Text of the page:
Geometric Mean

It is another measure of central tendency based on mathematical footing like arithmetic mean. Geometric mean can be defined in the following terms:

Geometric mean is the nth positive root of the product of “n” positive given values

Hence, geometric mean for a value X containing n values such as {x_1},{x_2},{x_3},...,{x_n} is denoted by G.M of X and given as under:
           

G.M{\text{ of }}X = \overline X = \sqrt[n]{{{x_1} \cdot {x_2} \cdot {x_3}  \cdot \cdots \cdot {x_n}}}

(For Ungrouped Data)

If we have a series of n positive values with repeated values such as {x_1},{x_2},{x_3},...,{x_k} are repeated {f_1},{f_2},{f_3},...,{f_k} times respectively then geometric mean will becomes:

G.M{\text{ of }}X = \overline X = \sqrt[n]{{{x_1}^{{f_1}} \cdot {x_2}^{{f_2}}  \cdot {x_3}^{{f_3}} \cdot \cdots \cdot {x_k}^{{f_k}}}}

(For Grouped Data)

Where n = {f_1} + {f_2} + {f_3}  + \cdots  + {f_k}

Example:

Find the Geometric Mean of the values 10, 5, 15, 8, 12

Solution:
            Here{x_1} = 10, {x_2} = 5{x_3} = 15{x_4}  = 8{x_5} = 12 and n = 5
            G.M{\text{ of }}X = \overline X = \sqrt[5]{{10 \times 5 \times 15 \times 8  \times 12}}
                                    \overline X = \sqrt[5]{{72000}} = {(72000)^{\frac{1}{5}}} = 9.36

Example:

Find the Geometric Mean of the following Data

X

13

14

15

16

17

f

2

5

13

7

3

Solution:
            We may write it as given below:
            Here {x_1} = 13, {x_2} = 14{x_3} = 15{x_4}  = 16{x_5} = 17
                   {f_1} = 2, {f_2} = 5, {f_3} = 13, {f_4} = 7, {f_5} = 3
                  n = \sum f = {f_1} + {f_2} + {f_3} +  {f_4} + {f_5} = 2 + 5 + 13 + 7 + 3 = 30

Using the formula of geometric mean for grouped data, geometric mean in this case will become:

G.M{\text{ of }}X =  \overline X = \sqrt[n]{{{x_1}^{{f_1}}  \cdot {x_2}^{{f_2}} \cdot {x_3}^{{f_3}} \cdot {x_4}^{{f_4}} \cdot  {x_5}^{{f_5}}}}

\overline X = \sqrt[{30}]{{{{(13)}^2} \cdot {{(14)}^5}  \cdot {{(15)}^{13}} \cdot {{(16)}^7} \cdot {{(17)}^3}}}

\overline X = \sqrt[{30}]{{2.33292 \times {{10}^{35}}}} =  {(2.33292 \times {10^{35}})^{\frac{1}{{30}}}}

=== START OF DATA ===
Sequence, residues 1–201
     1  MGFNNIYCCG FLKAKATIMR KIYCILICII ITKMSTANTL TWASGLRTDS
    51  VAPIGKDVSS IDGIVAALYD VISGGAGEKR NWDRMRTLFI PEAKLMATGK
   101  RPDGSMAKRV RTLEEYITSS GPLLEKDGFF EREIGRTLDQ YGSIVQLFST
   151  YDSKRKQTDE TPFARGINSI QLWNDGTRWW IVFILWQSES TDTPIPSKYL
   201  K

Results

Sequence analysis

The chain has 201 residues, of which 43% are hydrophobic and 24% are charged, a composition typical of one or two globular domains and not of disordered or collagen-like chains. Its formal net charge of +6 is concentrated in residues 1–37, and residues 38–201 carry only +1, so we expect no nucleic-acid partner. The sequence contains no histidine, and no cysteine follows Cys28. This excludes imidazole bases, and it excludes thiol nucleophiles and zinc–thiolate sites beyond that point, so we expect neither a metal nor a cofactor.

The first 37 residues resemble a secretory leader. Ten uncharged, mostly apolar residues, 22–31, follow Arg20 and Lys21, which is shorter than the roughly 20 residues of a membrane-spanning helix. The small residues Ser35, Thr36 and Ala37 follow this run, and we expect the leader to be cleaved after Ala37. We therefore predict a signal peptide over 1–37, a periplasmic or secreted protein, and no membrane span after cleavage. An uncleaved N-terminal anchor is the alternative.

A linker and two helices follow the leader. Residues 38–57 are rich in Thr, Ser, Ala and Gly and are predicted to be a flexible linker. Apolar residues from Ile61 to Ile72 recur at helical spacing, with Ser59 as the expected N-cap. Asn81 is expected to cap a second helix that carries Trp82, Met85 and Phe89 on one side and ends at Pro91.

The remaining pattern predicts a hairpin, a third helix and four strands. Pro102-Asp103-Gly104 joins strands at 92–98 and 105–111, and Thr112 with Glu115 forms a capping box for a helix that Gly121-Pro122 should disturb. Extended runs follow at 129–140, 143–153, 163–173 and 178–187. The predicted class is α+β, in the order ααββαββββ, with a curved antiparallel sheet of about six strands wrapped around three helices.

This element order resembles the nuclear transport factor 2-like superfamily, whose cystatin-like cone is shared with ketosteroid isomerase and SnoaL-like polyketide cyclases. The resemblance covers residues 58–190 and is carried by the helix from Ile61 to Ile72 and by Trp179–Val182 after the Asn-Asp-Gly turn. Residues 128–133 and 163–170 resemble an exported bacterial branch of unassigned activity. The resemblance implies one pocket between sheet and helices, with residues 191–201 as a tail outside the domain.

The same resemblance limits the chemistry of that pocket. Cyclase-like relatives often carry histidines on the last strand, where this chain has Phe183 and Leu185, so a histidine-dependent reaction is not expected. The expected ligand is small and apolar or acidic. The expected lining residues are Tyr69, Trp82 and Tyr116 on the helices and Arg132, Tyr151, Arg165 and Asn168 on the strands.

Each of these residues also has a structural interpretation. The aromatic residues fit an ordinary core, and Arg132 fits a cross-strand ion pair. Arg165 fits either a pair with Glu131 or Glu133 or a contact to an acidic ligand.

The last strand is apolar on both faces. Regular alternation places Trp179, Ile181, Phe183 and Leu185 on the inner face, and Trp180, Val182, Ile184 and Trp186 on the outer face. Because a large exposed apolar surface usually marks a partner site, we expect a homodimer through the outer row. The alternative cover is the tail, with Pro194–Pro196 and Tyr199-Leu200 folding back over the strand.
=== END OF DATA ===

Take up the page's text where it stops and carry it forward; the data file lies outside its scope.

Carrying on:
\overline X = 15.0984 \approx 15.10

The method explained above for the calculation of geometric mean is useful when the numbers of values in given data are small in number and the facility of electronic calculator is available. When a set of data contains large number of values then we need an alternative way for computing geometric mean. The modified or alternative way of computing geometric mean is given as under:

For Ungrouped Data

For Grouped Data

G.M{\text{ of }}X = \overline X = Anti\log \left( {\frac{{\sum \log x}}{n}} \right)

G.M{\text{ of }}X = \overline X = Anti\log \left( {\frac{{\sum f\log x}}{{\sum f}}} \right)

Example:
            Find the Geometric Mean of the values 10, 5, 15, 8, 12

x

\log x

10

1.0000

5

0.6990

15

1.1761

8

0.9031

12

1.0792

Total

\sum \log x = 4.8573

G.M{\text{ of }}X = \overline X = Anti\log \left( {\frac{{\sum \log x}}{n}} \right)
                       \overline X = Anti\log \left( {\frac{{4.8573}}{5}} \right)
                      \overline X = Anti\log \left( {0.9715} \right)
                      \overline X = 9.36

Example:

Find the Geometric Mean for the following distribution of students’ marks:

Marks

0 - 30

30 - 50

50 - 80

80 - 100

No. of Students

20

30

40

10

Solution:

Marks

No. of Students
f

Mid Points
x

f\log x

0 - 30

20

15

20\log 15 = 23.5218

30 - 50

30

40

30\log 40 = 48.0168

50 - 80

40

65

40\log 65 = 72.5165

80 - 100

10

90

10\log 90 = 19.5424

Total

\sum f = 100

 

\sum f\log x = 163.6425

G.M{\text{ of }}X = \overline X = Anti\log \left( {\frac{{\sum f\log x}}{{\sum f}}} \right)
                       \overline X = Anti\log \left( {\frac{{163.6425}}{{100}}}  \right)
                      \overline X = Anti\log \left( {1.6364} \right)
                      \overline X = 43.29

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